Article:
The Life of Elizabeth I

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Perhaps the most influential sovereign England has ever known, Queen Elizabeth I remained an extremely private person throughout her reign, keeping her own counsel and sharing secrets with no one--not even her closest, most trusted advisers. Now, in this brilliantly researched, fascinating new book, acclaimed biographer Alison Weir shares provocative new interpretations and fresh insights on this enigmatic figure.

Against a lavish backdrop of pageantry and passion, intrigue and war, Weir dispels the myths surrounding Elizabeth I and examines the contradictions of her character. Elizabeth I loved the Earl of Leicester, but did she conspire to murder his wife? She called herself the Virgin Queen, but how chaste was she through dozens of liaisons? She never married—was her choice to remain single tied to the chilling fate of her mother, Anne Boleyn? An enthralling epic that is also an amazingly intimate portrait, The Life of Elizabeth I is a mesmerizing, stunning reading experience.

Under the Cover

An excerpt from The Life of Elizabeth I

‘The Most English Woman in England’
The first act of Queen Elizabeth had been to give thanks to God for her peaceful accession to the throne and, as she later told the Spanish ambassador, to ask Him ‘that He would give her grace to govern with clemency and without bloodshed’. With the calamitous example of her sister before her, she had already decided that there should be no foreign interference in the government of England, not from Spain or Rome or anywhere else, and was resolved to be herself a focus for English nationalism – ‘the most English woman in England’.
Elizabeth could certainly boast of her English parentage. Her father, Henry VIII, had been of royal Plantagenet stock, with some Welsh blood from his father Henry VII, while Elizabeth’s mother, Anne Boleyn, had been an English commoner whose ancestors had been Norfolk farmers and merchants who had risen to prominence through their wealth and a series of advantageous marriages with daughters of the nobility. Through Anne’s mother, Elizabeth Howard, Elizabeth was related to the Howards, earls of Surrey and dukes of Norfolk, England’s premier peers, and through the Boleyns themselves to many other notable English families such as the Careys and the Sackvilles.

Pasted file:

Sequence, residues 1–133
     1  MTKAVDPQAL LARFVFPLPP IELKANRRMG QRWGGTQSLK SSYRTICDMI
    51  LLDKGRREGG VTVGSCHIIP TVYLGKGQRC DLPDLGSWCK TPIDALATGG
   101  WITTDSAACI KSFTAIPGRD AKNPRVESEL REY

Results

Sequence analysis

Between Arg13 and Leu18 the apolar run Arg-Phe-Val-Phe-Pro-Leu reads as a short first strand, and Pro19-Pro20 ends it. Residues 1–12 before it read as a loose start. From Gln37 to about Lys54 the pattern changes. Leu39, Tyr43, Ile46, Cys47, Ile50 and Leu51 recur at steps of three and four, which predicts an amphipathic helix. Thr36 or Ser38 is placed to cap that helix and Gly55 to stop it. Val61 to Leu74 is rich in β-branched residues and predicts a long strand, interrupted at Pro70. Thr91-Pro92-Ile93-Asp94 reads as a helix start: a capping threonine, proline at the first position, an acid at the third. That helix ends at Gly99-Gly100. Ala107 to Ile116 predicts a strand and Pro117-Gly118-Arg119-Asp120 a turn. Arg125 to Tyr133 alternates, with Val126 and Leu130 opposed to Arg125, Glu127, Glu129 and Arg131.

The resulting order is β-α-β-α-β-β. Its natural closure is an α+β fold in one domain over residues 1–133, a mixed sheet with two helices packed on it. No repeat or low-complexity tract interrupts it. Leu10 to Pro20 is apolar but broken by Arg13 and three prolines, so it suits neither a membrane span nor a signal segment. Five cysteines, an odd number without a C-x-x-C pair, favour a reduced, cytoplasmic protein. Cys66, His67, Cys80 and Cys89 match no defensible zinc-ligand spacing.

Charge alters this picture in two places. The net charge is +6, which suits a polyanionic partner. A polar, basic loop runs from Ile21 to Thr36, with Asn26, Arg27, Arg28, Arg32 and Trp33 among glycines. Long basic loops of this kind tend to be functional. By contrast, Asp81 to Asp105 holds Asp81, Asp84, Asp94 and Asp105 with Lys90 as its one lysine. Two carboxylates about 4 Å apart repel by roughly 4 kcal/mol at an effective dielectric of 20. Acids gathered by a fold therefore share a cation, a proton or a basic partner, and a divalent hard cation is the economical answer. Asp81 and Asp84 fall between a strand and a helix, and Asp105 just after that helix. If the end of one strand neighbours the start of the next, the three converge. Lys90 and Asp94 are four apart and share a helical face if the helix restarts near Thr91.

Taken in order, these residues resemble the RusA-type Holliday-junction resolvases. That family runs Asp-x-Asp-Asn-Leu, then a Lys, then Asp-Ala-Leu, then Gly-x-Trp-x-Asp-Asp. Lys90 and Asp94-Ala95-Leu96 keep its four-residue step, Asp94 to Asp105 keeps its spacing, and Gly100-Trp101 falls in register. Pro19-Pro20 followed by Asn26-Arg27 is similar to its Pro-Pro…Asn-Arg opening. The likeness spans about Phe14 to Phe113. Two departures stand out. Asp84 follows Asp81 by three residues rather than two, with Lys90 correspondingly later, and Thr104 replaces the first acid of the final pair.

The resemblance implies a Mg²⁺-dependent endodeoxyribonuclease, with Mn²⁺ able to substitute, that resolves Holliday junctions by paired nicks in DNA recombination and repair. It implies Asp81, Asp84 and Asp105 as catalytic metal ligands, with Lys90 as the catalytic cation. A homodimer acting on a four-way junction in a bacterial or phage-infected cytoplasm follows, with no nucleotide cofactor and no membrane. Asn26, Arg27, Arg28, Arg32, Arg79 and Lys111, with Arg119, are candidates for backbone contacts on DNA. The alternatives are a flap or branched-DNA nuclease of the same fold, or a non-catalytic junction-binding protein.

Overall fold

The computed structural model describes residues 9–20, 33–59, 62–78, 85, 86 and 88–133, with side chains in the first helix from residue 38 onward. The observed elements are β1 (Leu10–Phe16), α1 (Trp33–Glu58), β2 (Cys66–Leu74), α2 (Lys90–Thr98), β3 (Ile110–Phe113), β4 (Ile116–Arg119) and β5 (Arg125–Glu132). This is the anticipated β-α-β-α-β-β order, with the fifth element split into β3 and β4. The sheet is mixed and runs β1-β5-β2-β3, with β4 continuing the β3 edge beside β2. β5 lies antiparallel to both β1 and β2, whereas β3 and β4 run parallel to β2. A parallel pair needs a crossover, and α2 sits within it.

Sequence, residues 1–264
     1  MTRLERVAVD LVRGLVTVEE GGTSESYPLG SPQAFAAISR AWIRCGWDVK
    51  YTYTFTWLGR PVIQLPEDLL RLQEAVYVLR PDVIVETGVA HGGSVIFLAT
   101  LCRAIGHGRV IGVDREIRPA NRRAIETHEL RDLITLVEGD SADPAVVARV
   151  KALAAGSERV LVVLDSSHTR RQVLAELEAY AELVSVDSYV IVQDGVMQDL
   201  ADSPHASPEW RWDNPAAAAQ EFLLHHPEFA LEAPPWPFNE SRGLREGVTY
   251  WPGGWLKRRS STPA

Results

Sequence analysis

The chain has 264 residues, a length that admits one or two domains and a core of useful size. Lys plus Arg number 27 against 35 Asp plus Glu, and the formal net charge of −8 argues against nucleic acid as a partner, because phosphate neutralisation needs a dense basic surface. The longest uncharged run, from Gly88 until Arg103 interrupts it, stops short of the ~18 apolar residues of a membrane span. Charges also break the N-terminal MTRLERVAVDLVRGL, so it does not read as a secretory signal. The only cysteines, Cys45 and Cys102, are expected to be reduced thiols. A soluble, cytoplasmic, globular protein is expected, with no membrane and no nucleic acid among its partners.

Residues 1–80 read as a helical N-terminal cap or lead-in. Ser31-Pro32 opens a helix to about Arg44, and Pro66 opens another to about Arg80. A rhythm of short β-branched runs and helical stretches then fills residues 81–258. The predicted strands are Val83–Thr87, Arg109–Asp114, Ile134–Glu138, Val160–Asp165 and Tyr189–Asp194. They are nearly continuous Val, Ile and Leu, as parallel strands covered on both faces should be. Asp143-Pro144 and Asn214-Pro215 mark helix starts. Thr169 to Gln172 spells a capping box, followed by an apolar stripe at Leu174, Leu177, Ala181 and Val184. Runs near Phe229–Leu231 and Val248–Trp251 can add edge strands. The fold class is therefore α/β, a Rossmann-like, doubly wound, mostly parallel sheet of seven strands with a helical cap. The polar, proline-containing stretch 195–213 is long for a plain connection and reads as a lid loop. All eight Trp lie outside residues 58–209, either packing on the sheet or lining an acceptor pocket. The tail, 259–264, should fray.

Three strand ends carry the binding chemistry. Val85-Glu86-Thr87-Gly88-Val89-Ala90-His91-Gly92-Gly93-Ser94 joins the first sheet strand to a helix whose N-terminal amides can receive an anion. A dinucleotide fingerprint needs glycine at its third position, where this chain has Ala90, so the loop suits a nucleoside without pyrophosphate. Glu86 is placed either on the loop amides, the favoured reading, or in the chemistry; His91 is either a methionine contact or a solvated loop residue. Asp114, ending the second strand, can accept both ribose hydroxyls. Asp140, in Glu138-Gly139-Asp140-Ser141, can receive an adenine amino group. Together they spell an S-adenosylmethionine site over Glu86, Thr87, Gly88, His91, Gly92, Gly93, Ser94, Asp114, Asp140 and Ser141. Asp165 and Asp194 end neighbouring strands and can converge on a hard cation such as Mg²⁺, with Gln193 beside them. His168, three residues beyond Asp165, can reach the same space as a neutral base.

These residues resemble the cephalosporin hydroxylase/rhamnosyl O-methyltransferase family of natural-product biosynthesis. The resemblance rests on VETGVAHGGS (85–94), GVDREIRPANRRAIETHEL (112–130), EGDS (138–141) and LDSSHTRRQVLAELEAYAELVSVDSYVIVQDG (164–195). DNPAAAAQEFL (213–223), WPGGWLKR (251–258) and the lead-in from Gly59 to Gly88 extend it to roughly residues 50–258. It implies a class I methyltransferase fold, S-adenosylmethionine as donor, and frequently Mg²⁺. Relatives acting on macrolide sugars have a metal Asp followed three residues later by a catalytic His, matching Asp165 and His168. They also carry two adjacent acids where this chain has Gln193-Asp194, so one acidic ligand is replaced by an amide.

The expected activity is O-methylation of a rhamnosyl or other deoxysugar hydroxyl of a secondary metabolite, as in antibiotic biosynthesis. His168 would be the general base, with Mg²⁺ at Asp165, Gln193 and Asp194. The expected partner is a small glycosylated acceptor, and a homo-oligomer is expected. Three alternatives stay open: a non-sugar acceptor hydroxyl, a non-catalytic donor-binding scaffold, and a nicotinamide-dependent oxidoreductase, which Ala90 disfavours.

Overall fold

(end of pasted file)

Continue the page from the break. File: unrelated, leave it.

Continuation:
When Henry VIII fell in love with Anne Boleyn in approximately 1526, he had been married for seventeen years to a Spanish princess, Katherine of Aragon, whose maid of honour Anne was. Katherine had failed to provide Henry with the male heir he so desperately needed, and for some years he had entertained doubts about the validity of the marriage, on the grounds that the Bible forbade a man to marry his brother’s widow: Katherine had briefly been married to his elder brother Arthur, who died aged fifteen, but she stoutly maintained that the marriage had never been consummated.
Henry had had affairs before, but his passion for Anne Boleyn was all-consuming, and burned ever more fiercely after she made it clear that she would not be his mistress. Her virginity, she declared provocatively, would be the greatest gift she would bring her husband.
By early 1527, Henry VIII had decided to apply to the Pope for an annulment of his marriage. At around the same time, he resolved to have Anne Boleyn for his wife, as soon as he was free. But the Pope, scared of Katherine’s powerful nephew, the Holy Roman Emperor Charles V, refused to co-operate. The King’s ‘Great Matter’ dragged on for six years, by the end of which time the English Church had been severed from the Church of Rome, and Henry VIII had declared himself its Supreme Head. Thus liberated, he was able to have his marriage to Katherine declared null and void, and marry Anne, which he did as soon as she became pregnant in 1533. The new Queen was vastly unpopular among his subjects.
Henry and Anne had confidently anticipated that their child would be a son, and were disappointed when it turned out to be a girl. Named after both her grandmothers, Elizabeth of York and Elizabeth Howard, the Princess Elizabeth was nevertheless a healthy baby, and her parents were hopeful of providing her with a brother shortly.
This was not to be. Two, possibly three unsuccessful pregnancies followed, during which time Henry fell out of love with Anne and began paying court to one of her ladies, Jane Seymour. He had realised also that Anne was entirely unsuitable as queen, since she was over-flirtatious, immoderate in her public behaviour, and vengeful towards her enemies. She was, in the brief time allowed her, a good mother, incurring her husband’s displeasure by insisting on breastfeeding Elizabeth herself, which high-born mothers never did, and choosing pretty clothes for the child. She rarely saw her, however, for the Princess was given her own household at Hatfield House at three months old, and thereafter her mother could only visit when her other duties permitted.
The loss of a stillborn son in January 1536, on the day of Katherine of Aragon’s funeral, sealed Anne’s fate. Arrested with five men, one her brother, she was charged with plotting to murder the King and twenty-two counts of adultery – eleven of which have since been proved false, which suggests that the rest, for which there is no corroborative evidence, are equally unlikely. Anne was taken to the Tower, tried and condemned to death. After her marriage had been annulled and her daughter declared a bastard, she was beheaded on 19 May 1536.